When the Yamaha brand arrived in Colombia in 1975, people knew little or nothing about these devices. and a man from Antioquia would have the mission of boosting sales and positioning the brand.
It is Don Francisco Sierra, whom history can recognize as the architect of the success that this team has had in Colombia. When he worked for Coltejer, Carlos Ardila Lülle (QEPD) entrusted him with the mission of closing the deal with the parent company in Japanso that the business conglomerate could assemble their motorcycles in Colombia.
Don Francisco already had experience dealing with the Japanese, because years before this assignment he had learned from them how to manufacture the plastic boxes that Postobón used to distribute his soft drinks. That is to say, he already knew the way in which the Japanese did business.
His work as an emissary was a complete success and, after the approval of the Yamaha owners and the Colombian government, everything was ready to start assembling the bikes. However still The distribution chain needed to be shaped because, as mentioned at the beginning, these machines were unknown in the country.
“Promoting something that people don’t know about is very difficult. I went out with a megaphone through the cities of Colombia to ask who wanted to be a Yamaha distributor and we began to prepare all that network”, narrated the pioneer.
That challenge was also overcome and the brand began to manufacture and market the legendary DT 175. In those early years the RS 100 was also assembled., models that, in the words of Mr. Francisco Sierra, “sold out very quickly. We were doing tests and we realized that the product could be popular”.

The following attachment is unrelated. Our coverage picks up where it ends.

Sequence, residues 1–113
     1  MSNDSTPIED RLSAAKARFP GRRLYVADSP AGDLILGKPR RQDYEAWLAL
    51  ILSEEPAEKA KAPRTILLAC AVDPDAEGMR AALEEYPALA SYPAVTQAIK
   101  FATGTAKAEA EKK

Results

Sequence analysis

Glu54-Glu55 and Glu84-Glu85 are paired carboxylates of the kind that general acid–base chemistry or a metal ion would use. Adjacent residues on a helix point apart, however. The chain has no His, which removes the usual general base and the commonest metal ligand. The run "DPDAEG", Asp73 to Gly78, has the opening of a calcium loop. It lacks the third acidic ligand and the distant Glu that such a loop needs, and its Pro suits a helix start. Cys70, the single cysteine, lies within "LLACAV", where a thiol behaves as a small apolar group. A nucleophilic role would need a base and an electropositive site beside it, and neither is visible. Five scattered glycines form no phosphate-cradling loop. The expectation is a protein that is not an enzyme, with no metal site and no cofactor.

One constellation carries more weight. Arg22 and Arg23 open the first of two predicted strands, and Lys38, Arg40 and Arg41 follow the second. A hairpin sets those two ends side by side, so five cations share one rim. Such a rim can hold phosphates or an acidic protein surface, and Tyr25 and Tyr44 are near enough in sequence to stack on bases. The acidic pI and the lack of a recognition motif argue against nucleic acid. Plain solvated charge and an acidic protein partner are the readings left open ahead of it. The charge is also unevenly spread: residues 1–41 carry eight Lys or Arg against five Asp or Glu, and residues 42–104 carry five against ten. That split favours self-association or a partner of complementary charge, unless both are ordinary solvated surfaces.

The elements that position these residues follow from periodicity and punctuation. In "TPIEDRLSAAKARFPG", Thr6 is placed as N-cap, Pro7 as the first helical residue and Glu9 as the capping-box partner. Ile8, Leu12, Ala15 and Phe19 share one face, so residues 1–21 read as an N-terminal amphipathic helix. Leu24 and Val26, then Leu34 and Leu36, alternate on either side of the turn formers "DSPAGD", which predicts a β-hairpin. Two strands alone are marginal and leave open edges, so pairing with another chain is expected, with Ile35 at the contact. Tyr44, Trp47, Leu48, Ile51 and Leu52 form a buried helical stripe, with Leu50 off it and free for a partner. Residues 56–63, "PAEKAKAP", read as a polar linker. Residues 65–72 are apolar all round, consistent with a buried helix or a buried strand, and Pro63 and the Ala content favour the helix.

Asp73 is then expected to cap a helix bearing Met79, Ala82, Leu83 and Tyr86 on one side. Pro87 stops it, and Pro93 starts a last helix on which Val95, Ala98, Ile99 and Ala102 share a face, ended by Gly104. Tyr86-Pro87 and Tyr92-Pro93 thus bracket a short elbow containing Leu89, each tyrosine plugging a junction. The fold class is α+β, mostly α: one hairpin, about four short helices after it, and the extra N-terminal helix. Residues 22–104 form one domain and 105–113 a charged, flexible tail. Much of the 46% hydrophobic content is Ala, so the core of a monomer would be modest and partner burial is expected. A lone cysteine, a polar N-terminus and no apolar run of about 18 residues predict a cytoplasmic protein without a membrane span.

The strategy to massify consumption was a masterful move: instead of attacking the popular layers of society, it was decided to take the product to the business class, since the hypothesis that was handled at that time was not unreasonable: “Those from below they try to imitate those above, but those above never try to imitate those below.”
That outpost of marketing it worked and, over the years, Yamaha became an aspirational brand. The young people of those first decades longed to own a DT, an XT 500, one of the RX (100, 115 or 135) or a Calima.
When the textile decline began in Colombia, Mr. Francisco Sierra bought the operation from Coltejer and became the owners of Incolmotos, the plant in charge of assembling the Yamahas in Colombia.
“It was a business that I had created, I knew it and it was easy to keep running it”recounted the forerunner of Yamaha in Colombia when we asked him if he did not feel nervous knowing that the factory would already be on its own.
“When one sets out to do something in life, he gets it done. And I set out 46 years ago that Yamaha had to be number one in Colombia”, remarked Don Francisco Sierra, who is thanked by fans who know him for having made it possible for the “beauties of Japan” to arrive in Colombian territory. .